Quote by Majin Gaara
Perfect pitch can be obtained. Anyone who claims otherwise is wrong for I have witnessed with my own eyes.


Read our posts again. We haven't said it's "impossible" to obtain perfect pitch, but highly unlikely if you haven't been trained during infancy. Even if not you can improve your relative pitch to the point where it's nearly the same.
And no, Guitar Hero will not help. Even on expert. Really.
Soundcloud
#17
Quote by Majin Gaara
Perfect pitch can be obtained. Anyone who claims otherwise is wrong for I have witnessed with my own eyes.

My dad got that Perfect Pitch cd set, took him about 9-10 months. Now I can sit with him facing the wall and he can tell me every chord and note I play with ease. Before he never could do anything close to that.


really?!

hm...maybe i'll try again with that set. damn, i shouldn't have given up.

i'll start again later this month, and i'll let you guys know if there's any objective progress.
Anfangen ist leicht, Beharren eine Kunst.
#19
Quote by Joshua1207
Man, we get these perfect pitch threads almost as much as mode threads I swear.


really? i can't even remember the last time i saw one, it's funny the things people become fascinated with while neglecting some things

basically "lets use modes, get perfect pitch! basic tonal harmony? pft."
Last edited by gavk at May 4, 2011,
#20
I read few books about how to become perfetct pitch, so of course we can learn it.

Sing every notes that you play and analyze... And it would be better to use keyboard I think.. because the notes never dissonant .... don't need to tune.
#21
Quote by bernardlefty
I read few books about how to become perfetct pitch, so of course we can learn it.

Sing every notes that you play and analyze... And it would be better to use keyboard I think.. because the notes never dissonant .... don't need to tune.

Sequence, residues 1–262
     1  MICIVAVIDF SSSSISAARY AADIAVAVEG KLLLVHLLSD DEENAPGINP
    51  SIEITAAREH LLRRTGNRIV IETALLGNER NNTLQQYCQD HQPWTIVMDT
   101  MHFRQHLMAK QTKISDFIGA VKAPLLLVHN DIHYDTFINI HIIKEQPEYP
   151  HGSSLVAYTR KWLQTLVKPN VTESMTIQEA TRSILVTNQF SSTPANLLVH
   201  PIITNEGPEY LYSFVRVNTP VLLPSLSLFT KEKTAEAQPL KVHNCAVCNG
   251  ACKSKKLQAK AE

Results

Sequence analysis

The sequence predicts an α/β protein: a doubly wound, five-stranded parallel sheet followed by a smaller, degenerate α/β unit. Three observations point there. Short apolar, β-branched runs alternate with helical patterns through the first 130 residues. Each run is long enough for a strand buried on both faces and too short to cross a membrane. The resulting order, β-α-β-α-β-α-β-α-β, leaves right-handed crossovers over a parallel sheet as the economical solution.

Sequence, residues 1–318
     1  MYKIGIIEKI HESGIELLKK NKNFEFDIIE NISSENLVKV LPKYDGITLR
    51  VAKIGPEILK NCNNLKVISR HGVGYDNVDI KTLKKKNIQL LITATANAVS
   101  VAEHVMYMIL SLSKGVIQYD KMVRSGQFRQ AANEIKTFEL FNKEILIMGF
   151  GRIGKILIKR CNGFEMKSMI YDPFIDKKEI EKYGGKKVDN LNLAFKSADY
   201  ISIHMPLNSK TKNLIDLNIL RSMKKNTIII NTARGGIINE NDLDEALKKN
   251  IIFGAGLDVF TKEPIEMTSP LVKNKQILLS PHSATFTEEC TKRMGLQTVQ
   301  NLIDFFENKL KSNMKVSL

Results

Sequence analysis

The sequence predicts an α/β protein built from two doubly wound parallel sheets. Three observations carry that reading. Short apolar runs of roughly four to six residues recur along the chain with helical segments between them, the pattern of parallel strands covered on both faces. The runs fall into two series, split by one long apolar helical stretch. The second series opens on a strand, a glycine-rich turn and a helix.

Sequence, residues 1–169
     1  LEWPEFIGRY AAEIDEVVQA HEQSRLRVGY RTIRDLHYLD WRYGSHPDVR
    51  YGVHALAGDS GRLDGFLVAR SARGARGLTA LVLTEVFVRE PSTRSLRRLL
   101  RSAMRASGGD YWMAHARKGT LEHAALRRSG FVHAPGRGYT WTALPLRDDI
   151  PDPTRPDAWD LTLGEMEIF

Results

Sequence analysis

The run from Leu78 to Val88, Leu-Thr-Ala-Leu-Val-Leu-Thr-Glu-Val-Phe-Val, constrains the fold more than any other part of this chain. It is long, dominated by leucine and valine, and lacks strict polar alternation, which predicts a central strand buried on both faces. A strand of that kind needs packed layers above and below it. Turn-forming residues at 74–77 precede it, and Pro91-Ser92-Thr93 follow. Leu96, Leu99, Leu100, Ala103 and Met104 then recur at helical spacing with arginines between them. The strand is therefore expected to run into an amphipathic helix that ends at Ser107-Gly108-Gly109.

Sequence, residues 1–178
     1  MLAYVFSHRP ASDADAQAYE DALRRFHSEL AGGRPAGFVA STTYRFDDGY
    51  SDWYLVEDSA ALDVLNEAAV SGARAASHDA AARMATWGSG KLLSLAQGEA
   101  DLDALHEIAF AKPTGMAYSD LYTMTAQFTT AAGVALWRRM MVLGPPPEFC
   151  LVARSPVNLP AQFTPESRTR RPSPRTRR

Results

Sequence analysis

just because someone wrote a book on it doesn't mean it's possible, or maybe i'm just a skeptic

although really how far can you take it? surely if you had proper perfect pitch, you could tell the difference between an Ab and an A quarter flat...?
#22
Perfect pitch can be obtained very easily in fact I think the main reason why people can't develop it when they try is because they try too hard. From the time when you heard your first sound to about now where your probably an established musician, you brain has been creating this way of thinking and a way of approaching different pitches. You have to try to loosen this mental 'image' to a point where you stop thinking so vertically (how high or low something is) and more of a rounded approach to pitch (this pitch feels mellow[not to be confused with sad or minor] or its twangy etc) Eventually once you get good at it you start understanding the true importance of different keys because they all have a different feel. For me C maj feels childish and innocent because its what most of us heard from a young age. This ability adds to how you listen to music because its another thing to appreciate in addition to things like timbre, style, rhythm, form and texture. This experience alone, IMO, is way better than just being able to identify a pitch because it doesnt take that long to match a pitch with your instrument.

** Im on 16 and I spent the last few months developing it. I used a few lessons of David Lucas Berge perfect pitch but I stopped because I really wanted to develop it with my own ideas to maximize my ability.

Remember the key is to stretch the way you think of pitch, and to stay relaxed and not try at all when listening.
Last edited by phil-82 at May 5, 2011,